Founded by choreographer Melissa Riker, Women in Motion presents and commissions new works from female choreographers as part of the annual, multi-disciplinary Estrogenius Festival. In the coming year, Ms. Riker and her fellow producers are interested in holding even more events in support of women dance artists, among them, choreographic salons, where feedback can be given and a larger, supportive community for women’s work can be developed.
Contemporary dance began with the work of women pioneers who revolted against societal norms to boldly create. Today, women choreographers names that are synonymous with dance,even among non-dancers, are Isadora Duncan and Martha Graham - problem is they are dead and not creating anymore. It has been a long while since a woman choreographer has dominated the world scene. At one time Twyla Tharp? Pina Bausch, maybe? Sadly Bausch, also recently died.
While dancers continue to revere dynamic women who are, fortunately, alive and creating: Trisha Brown, Jawole Willa Jo Zollar and Elizabeth Streb to name a few. Women still aren’t front and center of the field. Why? Can the male status quo be challenged? Who are the new generation of female choreographic leaders? How can the artistic community foster their work? Can a contemporary woman choreographer become a household name in our lifetime?
Dance artists often cite the lack of consistent rehearsal space as an impediment to their progress. It's true. Choreographers require space and time to create. But the lack of opportunities to perform regularly also affects the quality of choreography and experimentation in the work we see. There is nothing like a series of performances to inform an artist and hone their craft. Performance opportunities especially in multi-arts festivals that bring new audiences to dance are essential. Much is hoped for Estrogenius’ s future growth. It’s an ambitious and worthy project.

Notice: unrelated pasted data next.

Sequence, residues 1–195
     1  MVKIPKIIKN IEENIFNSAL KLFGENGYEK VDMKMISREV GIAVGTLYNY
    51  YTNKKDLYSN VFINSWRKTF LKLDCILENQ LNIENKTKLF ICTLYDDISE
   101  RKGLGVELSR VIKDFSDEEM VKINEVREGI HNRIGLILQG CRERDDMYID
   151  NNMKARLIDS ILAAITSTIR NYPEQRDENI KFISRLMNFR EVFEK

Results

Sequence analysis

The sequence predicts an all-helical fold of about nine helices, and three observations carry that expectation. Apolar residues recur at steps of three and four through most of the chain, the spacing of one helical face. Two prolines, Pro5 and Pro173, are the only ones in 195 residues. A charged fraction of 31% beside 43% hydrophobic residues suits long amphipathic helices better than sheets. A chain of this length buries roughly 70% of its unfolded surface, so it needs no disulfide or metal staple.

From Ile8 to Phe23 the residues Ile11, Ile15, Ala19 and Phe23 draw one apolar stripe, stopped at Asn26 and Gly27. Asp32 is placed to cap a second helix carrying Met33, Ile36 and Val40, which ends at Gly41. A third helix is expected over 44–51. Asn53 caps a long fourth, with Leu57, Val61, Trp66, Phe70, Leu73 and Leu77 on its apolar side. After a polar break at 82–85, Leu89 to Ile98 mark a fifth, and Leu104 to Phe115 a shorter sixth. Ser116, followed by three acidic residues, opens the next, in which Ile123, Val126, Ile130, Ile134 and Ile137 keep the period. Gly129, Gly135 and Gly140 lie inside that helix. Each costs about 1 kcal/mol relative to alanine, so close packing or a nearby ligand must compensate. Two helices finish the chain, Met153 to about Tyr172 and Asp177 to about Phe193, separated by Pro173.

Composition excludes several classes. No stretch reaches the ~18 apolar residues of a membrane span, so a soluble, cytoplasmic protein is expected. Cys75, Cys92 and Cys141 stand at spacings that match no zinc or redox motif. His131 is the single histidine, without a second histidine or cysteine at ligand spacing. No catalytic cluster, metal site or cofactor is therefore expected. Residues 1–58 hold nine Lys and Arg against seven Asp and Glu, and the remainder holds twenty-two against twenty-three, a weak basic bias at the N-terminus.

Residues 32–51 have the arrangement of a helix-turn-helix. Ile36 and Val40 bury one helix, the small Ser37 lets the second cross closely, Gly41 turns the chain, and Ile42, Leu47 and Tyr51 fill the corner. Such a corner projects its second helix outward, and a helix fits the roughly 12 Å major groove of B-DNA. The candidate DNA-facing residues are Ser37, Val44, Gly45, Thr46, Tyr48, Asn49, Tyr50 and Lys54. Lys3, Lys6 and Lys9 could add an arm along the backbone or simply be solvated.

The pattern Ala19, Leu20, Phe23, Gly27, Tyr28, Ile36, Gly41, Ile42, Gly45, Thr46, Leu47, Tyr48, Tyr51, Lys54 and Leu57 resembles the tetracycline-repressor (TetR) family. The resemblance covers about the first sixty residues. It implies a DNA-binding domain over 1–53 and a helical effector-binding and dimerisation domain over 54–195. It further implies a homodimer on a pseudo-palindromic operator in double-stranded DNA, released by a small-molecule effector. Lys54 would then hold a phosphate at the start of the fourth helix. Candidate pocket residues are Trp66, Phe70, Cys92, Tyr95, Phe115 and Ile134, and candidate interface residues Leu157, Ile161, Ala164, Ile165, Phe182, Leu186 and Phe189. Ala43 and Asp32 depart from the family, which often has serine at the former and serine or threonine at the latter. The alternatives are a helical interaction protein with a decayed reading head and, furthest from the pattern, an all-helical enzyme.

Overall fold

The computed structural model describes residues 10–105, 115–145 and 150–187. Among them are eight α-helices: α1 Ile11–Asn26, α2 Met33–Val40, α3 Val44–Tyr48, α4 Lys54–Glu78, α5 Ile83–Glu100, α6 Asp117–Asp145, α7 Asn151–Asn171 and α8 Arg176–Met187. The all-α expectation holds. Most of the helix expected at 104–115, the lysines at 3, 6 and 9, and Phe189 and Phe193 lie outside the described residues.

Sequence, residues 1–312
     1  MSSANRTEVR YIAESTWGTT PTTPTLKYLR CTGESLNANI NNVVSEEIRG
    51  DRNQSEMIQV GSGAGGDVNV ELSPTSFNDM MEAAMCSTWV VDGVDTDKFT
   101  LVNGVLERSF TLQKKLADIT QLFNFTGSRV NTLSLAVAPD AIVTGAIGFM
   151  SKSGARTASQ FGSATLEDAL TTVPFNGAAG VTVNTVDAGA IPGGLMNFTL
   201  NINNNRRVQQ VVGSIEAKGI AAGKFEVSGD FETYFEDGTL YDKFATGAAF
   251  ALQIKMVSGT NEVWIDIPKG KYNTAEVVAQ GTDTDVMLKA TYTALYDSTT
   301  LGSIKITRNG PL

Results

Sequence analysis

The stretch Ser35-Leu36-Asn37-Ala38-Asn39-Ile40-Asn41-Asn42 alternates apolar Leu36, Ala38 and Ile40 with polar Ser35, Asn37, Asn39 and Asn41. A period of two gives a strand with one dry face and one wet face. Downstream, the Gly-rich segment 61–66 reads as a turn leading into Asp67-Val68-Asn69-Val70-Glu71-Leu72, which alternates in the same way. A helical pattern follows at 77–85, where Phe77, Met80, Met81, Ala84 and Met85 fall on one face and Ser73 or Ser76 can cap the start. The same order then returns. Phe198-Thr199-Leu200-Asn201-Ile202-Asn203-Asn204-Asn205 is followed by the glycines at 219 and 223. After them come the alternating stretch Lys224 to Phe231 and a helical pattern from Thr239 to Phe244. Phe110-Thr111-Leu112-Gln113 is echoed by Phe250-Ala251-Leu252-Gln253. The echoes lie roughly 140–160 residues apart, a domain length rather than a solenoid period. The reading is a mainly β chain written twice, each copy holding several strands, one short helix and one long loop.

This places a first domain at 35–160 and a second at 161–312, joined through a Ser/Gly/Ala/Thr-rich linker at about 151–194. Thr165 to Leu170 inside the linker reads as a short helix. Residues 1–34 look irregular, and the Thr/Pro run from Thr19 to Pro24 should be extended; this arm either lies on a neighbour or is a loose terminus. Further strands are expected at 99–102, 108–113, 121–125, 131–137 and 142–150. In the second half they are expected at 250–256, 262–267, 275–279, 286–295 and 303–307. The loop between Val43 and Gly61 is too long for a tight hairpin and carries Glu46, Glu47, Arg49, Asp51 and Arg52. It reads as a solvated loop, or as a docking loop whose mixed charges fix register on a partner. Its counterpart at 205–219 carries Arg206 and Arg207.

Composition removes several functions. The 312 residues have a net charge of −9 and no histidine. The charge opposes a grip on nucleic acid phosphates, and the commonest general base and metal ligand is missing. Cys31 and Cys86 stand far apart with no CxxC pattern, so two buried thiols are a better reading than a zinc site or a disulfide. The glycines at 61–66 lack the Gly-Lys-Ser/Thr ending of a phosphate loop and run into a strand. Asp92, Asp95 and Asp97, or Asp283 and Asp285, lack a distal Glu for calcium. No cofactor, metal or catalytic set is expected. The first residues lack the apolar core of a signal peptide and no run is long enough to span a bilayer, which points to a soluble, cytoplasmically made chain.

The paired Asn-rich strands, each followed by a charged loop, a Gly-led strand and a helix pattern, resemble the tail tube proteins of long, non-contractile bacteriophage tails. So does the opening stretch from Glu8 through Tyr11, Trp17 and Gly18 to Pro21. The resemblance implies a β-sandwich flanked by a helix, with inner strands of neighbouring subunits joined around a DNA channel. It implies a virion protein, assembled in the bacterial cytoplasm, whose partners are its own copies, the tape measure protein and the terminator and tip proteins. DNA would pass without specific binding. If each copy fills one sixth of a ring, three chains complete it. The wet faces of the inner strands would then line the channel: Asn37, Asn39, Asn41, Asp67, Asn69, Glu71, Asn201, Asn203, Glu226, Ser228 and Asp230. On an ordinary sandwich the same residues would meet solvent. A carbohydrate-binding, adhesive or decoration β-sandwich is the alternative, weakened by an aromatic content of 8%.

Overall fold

Laurie Berg and Rachel Cohen, the two artists featured this year, presented dance that can challenge the status quo - if only the work can become bolder and clearer in purpose.
Cohen has been working in New York City for over ten years creating movement pieces brimming with imagination, originality, and glorious debris. She covers her stages and dancers with clay, flour, cardboard, papier-mâché, and game boards.
Cohen sees the world as an elaborate series of tales and adventures where visual art, literature, music, theater and movement meld. She intrigues and piques our curiosity even as she and her dancers fall apart amidst the squalor on stage. Falling apart is a lot of the fun in Cohen’s newest work I –Would, a title that refers tongue in cheek to the building material that predominates the piece.
The stage is filled with wooden props, some hanging on a garment rack - outfits for an elaborate fashion show at Gheppeto’s workshop - and other pieces discharged randomly on the floor. Imagine a cubist painting exploded.
Cohen sits on an extravagant wooden get-up that suggests a throne. She sports a homemade crown with spokes that look like the handles of mixing spoons – sublime and ridiculous. And, she has something to tell us. She points one index finger straight to the sky and leans forward as her mouth forms a large o-shape. Just as we anticipate her